- The Martian Chronicles by Ray Bradbury – Obviously this is a classic and a little dated at this point, but I really enjoyed Bradbury’s take on what life might be like if we colonized Mars. I found this book really interesting.
- Lock In by John Scalzi – This book fascinated me. Once again, it doesn’t take place in the far future, but the idea of someone being locked inside their own bodies and needing artificial bodies in order to interact and movie throughout the day was interesting. This was a quick read and I really enjoyed it.
- Feed by M.T. Anderson – This was another interesting read. Granted, it kind of falls into the YA dystopia category and I was trying to avoid that for this list, but I think this one stands apart from the rest. It really speaks to what happens when we become too addicted to our social media and constant internet “feeds.” It was a really interesting look at a possible future.
As I looked through lists of Historical Fiction and Futuristic Fiction on Goodreads while I was making this Top 10, I realized there are actually a lot more books that I’ve read that are historical fiction than I originally thought. However, in my mind I don’t think of them that way. So I guess I do like historical fiction, if it’s written well enough. Also, there are a ton of popular futuristic novels that have been on my TBR for a long time, but I just haven’t gotten to them. I could have made an entire Top 10 just based on those books.
What are your favorite historical and futuristic novels? What is it that attracts you to one or the other?
5 thoughts on “Top Ten Tuesday: History and Future”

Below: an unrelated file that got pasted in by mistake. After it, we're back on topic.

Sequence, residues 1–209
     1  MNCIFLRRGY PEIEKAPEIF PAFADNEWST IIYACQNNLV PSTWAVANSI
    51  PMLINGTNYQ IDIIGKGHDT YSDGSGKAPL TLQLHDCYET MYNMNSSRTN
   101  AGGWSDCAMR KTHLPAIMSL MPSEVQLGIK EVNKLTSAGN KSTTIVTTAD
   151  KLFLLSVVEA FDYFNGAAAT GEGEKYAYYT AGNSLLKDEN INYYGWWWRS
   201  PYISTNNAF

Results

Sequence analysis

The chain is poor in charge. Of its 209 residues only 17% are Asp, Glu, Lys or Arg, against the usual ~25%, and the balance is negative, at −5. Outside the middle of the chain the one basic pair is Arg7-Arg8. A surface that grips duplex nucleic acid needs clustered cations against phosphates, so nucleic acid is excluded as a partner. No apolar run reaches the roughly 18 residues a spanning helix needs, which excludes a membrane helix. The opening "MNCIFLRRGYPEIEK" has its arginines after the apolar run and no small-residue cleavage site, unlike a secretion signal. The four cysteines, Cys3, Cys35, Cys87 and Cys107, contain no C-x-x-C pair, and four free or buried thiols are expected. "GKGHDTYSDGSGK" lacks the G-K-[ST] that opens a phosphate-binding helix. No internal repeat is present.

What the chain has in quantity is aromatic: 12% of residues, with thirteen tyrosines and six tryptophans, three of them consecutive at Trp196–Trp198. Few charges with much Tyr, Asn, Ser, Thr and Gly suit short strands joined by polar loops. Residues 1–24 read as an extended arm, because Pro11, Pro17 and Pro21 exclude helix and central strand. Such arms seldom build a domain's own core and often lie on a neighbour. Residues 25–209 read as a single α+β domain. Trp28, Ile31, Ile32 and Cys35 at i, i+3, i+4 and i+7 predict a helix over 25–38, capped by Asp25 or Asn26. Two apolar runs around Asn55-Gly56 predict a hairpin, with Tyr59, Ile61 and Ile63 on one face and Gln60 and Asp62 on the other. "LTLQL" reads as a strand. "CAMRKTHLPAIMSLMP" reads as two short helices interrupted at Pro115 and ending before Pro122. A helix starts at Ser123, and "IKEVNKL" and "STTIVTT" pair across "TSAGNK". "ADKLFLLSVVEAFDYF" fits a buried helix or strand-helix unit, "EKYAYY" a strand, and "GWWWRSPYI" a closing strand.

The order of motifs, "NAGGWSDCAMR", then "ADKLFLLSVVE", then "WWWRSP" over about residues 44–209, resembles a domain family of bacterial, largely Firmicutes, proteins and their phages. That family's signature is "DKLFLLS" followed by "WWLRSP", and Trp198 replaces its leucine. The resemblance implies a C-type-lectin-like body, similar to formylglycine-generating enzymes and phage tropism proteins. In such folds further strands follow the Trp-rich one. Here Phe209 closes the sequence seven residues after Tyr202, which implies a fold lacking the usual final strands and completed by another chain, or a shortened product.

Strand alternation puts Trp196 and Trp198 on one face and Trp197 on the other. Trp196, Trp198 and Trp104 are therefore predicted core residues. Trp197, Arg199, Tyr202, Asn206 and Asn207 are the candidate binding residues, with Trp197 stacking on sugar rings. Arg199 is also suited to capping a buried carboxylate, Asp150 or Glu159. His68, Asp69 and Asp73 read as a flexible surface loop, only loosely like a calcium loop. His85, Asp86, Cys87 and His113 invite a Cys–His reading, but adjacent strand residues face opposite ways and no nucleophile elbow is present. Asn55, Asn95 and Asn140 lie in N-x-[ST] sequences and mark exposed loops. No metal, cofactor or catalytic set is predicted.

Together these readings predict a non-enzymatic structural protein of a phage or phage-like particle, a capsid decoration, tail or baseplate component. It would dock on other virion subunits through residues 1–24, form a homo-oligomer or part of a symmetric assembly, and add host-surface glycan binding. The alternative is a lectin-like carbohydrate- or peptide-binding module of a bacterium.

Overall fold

The Book Thief is one of my all time favorites! I’m really looking forward to picking up Lock In. 🙂
Check out my TTT.
There have been a ton of lists this week in which I haven’t read any of the books people mentioned, so I get excited when there’s even one book I have read :p I never thought I’d be so excited about Pride and Prejudice so many times in one day :p
Also, feel free to check out our giveaway.
Ahhh, Jane Austen. One of my favorite writers EVER. What’s your favorite book by her? I’m going to go with an unpopular choice and say Mansfield Park, just because it was the funnest to read.
I must be the only person who sadly didn’t like The Book Thief… It wasn’t a bad book, it just didn’t evoke these deep feelings from me like it supposedly has for everyone else! *le sigh* To each their own, I guess. Have you read Between Shades of Grey? My TTT.
Grace @ That Peculiar Fangirl
I will confess that I haven’t read all of Austen’s works yet, a fact that frustrates me. But of what I have read, I think Persuasion is actually my favorite (followed closely by P&P).
I haven’t read Between Shades of Gray, and actually this is the first I’ve heard of it. I’ll have to check it out!
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Ahhh, you definitely must! I have an old, OLD review of it, if you’d like to get a better idea of what to expect from it (spoiler alert: lots of tears). Here’s the link: https://thatpeculiarfangirl.wordpress.com/2015/08/04/mini-review-between-shades-of-gray-by-ruta-sepetys/